The critic Paul Nelson, who had always been sceptical about glib protest songs, heard Dylan play Pawn for a small group of friends in the summer of 1963, and took this opportunity to challenge the singer about it. “These songs were like fish in the barrel stuff,” Nelson later wrote. “It's like patting-yourself-on-the-back music. [...] Dylan was arguing ‘No, no, this is really where it's at’. But he also made the point that the easiest way to get published if you wrote your own songs was to write topical songs, ‘cause Broadside wouldn't publish you if you didn't.” (3)
Dylan also used the Broadside songs to impress Suze Rotolo, then his girlfriend. “I stayed up and wrote songs and showed them to her and asked her ‘Is this right?’,” he told the journalist Robert Shelton in 1966. “I knew her mother and father were associated with unions, and she was into this equality-freedom thing long before I was. I checked the songs out with her” Eve MacKenzie, a friend of the couple, later added: “Suze was very much with the cause [...] She influenced Bobby considerably that way.” (4)
It's worth remembering that the Bob Dylan of August 1963 was not the global superstar we know today. He was then just 22 years old, only two albums into his career, and would have to wait another 20 months for his first chart hit. The first album had sold poorly enough for Columbia to threaten they'd drop him, and the second - already on the shelves for three months - was only now beginning to shift.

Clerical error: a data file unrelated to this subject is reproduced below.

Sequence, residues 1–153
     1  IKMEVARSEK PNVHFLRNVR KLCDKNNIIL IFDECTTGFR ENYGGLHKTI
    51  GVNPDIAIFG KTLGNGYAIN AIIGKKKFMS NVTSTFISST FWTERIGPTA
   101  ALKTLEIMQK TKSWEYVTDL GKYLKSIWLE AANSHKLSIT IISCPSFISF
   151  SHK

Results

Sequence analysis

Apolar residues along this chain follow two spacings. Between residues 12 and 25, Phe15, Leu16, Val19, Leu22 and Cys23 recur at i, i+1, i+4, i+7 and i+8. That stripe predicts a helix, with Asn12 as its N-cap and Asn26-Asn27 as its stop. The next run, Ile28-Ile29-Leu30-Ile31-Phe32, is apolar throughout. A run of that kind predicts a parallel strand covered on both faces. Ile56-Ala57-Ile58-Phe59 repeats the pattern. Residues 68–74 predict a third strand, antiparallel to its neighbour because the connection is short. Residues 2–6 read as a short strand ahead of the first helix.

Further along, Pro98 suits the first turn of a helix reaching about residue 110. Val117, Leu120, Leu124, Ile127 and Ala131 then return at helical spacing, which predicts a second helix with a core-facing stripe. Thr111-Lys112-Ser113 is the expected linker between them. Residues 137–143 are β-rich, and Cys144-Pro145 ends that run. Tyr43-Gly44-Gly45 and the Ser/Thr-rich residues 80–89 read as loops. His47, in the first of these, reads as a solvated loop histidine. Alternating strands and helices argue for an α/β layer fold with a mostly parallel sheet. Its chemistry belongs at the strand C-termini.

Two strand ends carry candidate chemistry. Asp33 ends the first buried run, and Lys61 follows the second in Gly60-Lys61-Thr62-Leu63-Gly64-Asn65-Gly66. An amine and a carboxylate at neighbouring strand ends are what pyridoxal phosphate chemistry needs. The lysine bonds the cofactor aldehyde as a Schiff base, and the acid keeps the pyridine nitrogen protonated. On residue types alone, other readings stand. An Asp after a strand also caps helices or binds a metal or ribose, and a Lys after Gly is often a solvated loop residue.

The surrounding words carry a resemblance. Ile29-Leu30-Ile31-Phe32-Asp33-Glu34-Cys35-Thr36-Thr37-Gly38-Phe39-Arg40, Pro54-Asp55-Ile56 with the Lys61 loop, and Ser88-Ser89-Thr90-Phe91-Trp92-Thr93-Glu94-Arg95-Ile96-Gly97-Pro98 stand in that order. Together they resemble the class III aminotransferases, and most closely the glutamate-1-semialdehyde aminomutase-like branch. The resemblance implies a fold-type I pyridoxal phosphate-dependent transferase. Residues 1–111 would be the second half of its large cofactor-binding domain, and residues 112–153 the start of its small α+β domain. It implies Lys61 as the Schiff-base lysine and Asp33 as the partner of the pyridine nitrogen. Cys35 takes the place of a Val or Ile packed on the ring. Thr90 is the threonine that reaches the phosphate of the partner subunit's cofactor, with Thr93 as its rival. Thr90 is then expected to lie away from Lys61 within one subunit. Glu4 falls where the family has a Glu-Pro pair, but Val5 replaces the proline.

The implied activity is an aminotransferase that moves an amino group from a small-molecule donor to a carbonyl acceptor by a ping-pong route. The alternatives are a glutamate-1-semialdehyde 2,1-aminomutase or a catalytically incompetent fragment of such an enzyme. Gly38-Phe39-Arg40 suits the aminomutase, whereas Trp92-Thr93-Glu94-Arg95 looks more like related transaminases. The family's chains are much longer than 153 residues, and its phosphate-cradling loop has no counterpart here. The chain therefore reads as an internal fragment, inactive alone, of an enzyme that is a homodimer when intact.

Dylan's career could have gone either way at that point, and Broadside gave him a useful platform to show off his skills, establish his ownership of each new song and polish up his radical credentials. I don't doubt there was a element of genuine outrage in his civil rights songs - no intelligent young artist could fail to be moved by such turbulent times - but there were also sound career reasons to keep those songs coming. In October 1963, he decided Hattie Carroll would be his next subject.
On Friday, February 8, 1963, the night she met her death, Carroll was working as a barmaid at Baltimore's Emerson Hotel. The 51-year-old grandmother had done occasional work at the hotel for the past six years, stepping in whenever they needed extra staff for a big function like that evening's Spinsters' Ball. It promised to be quite a night: a white tie charity affair, with 200 guests from Maryland's most prominent families invited and the prestigious Howard Lanin Orchestra providing the music.